The slow British revolution that began in 2008 moves a little quicker towards its still vaguely defined dénouement. There is tangible change in the air, but with gusts of wind from the old era that will not blow away. The resignation of Barclays' chief executive is the latest vivid sign that the old order is crumbling. Bob Diamond's demise joins the arrests of senior journalists who once reduced elected politicians to quivering wrecks as symbols of change. Those that once exerted power with the swagger of the unaccountable bully are now the ones pleading for a hearing.
Yet the pleading is half-hearted. The previously mighty bankers and journalists still exude an out-dated sense of grievance. The delusional self-pity is a sign that they have no idea they are stumbling towards a new era where the old rules will no longer apply. They are like some trade union leaders in the late 1970s who failed to realise they no longer held sway and had terrible consequences to face.
The bankers and journalists are not alone. The same slow pace applies to government as it did in the 1970s when Tory and Labour prime ministers struggled to adapt. Tardily, George Osborne announces only a parliamentary investigation, showing he does not quite appreciate that he, too, is living through a phase of change that challenges many of the assumptions which shaped his political outlook in the 1980s and 1990s. Instead, he sees, characteristically, a tactical opportunity.
Evidently, Osborne hopes to repeat the trick he played in the 2010 election when he blamed the entire global economic crisis on the previous Labour government. This time, he suggests that Ed Balls is "in the dock" over the fiddling of an interest rate. In an extraordinarily unrestrained interview to The Spectator magazine, he can barely contain his excitement at the turn of events, a strategist showing without much subtlety what his strategy is.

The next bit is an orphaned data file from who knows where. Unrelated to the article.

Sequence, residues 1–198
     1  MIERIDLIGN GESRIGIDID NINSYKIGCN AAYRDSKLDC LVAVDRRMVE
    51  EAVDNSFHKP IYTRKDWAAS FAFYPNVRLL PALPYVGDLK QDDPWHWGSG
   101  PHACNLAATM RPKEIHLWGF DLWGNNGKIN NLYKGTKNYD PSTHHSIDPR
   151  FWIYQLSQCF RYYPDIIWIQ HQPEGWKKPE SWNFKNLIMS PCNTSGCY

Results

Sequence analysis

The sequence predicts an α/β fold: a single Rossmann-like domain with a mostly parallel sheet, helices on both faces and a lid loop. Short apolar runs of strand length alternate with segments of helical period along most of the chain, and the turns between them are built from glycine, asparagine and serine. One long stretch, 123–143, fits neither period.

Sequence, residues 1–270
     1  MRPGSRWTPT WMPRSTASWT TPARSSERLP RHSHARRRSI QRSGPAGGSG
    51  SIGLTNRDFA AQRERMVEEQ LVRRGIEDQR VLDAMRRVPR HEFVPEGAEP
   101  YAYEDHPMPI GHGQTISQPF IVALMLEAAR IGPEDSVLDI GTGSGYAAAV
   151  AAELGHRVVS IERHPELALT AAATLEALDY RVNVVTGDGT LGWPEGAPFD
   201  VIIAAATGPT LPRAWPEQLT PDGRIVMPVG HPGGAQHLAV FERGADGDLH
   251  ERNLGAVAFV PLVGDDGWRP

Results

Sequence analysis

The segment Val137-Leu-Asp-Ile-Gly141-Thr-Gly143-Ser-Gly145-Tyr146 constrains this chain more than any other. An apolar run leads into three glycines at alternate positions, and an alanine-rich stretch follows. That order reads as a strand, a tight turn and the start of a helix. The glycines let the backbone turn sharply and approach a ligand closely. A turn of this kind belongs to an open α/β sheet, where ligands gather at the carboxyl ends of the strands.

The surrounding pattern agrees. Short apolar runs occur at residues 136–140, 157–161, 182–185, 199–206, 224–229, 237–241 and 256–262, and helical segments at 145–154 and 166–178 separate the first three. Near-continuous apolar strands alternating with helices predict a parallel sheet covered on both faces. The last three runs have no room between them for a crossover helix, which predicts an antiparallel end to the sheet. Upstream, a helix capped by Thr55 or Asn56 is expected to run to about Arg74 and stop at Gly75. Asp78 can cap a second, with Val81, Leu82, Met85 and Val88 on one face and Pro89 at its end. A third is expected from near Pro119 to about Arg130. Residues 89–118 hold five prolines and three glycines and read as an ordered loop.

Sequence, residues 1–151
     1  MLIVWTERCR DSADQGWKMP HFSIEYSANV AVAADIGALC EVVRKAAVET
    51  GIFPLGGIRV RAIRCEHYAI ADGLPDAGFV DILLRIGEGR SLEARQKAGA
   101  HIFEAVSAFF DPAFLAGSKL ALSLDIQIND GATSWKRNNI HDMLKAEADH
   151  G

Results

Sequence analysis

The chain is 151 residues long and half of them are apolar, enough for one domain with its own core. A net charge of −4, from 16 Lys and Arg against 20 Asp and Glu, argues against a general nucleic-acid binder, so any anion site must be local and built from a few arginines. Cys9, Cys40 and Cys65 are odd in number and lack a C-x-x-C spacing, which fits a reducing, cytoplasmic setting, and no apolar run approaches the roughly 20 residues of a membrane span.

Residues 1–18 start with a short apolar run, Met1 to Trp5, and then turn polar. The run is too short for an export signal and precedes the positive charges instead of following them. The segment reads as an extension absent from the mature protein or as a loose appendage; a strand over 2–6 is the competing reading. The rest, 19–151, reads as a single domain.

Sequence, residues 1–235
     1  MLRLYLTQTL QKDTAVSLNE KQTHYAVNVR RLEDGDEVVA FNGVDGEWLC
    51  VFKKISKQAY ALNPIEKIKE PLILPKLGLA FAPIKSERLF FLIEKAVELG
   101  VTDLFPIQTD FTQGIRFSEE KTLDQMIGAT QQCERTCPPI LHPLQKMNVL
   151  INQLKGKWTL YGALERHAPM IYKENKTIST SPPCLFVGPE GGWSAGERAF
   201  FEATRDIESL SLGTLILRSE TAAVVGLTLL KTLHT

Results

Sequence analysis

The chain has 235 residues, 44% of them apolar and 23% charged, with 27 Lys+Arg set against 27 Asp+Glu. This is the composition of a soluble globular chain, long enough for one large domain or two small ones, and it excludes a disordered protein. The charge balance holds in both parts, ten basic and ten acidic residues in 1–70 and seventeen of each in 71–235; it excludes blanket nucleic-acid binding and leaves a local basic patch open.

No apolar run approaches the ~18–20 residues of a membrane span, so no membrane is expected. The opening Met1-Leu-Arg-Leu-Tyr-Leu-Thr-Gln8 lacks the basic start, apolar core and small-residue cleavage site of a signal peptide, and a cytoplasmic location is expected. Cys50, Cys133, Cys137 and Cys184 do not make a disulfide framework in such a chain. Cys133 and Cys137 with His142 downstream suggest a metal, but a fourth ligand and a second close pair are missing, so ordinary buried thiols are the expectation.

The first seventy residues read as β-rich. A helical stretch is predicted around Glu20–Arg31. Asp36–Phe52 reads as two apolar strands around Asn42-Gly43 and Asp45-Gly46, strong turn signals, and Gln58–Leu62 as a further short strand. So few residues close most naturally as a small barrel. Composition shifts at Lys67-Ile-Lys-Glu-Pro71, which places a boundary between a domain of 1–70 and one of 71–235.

Not for the first time, he faces disappointment. His announcement of a puny parliamentary inquiry will provoke persistent criticism as new episodes of the banking scandal erupt, from the scale of Bob Diamond's pay-off to further revelations of banks' misconduct. Almost certainly, poor vulnerable victims of this unfolding saga will appear and generate a more accessibly emotional furore, as happened when reports emerged that Milly Dowler's phone had been hacked. Calls for a judicial inquiry will not fade quickly, placing Osborne and others on the defensive.
Osborne might have landed Balls in a metaphorical dock for a few days. But given the Shadow Chancellor's unequivocal denial of involvement in the fiddling of interest rates, he will struggle to keep him there for very long. Osborne's transparent scheming reminds me of an early political manoeuvre that did not go according to plan. Around the time Lehman Brothers collapsed in 2008 when he was shadow Chancellor, Osborne was busy briefing friendly journalists about what Peter Mandelson had said to him when the two met on holiday in Corfu. Famously, this placed Osborne, not Mandelson, in a metaphorical dock, but – more worrying – the then shadow Chancellor should have been wholly focused on the apocalyptic economic events as famous banks went into meltdown.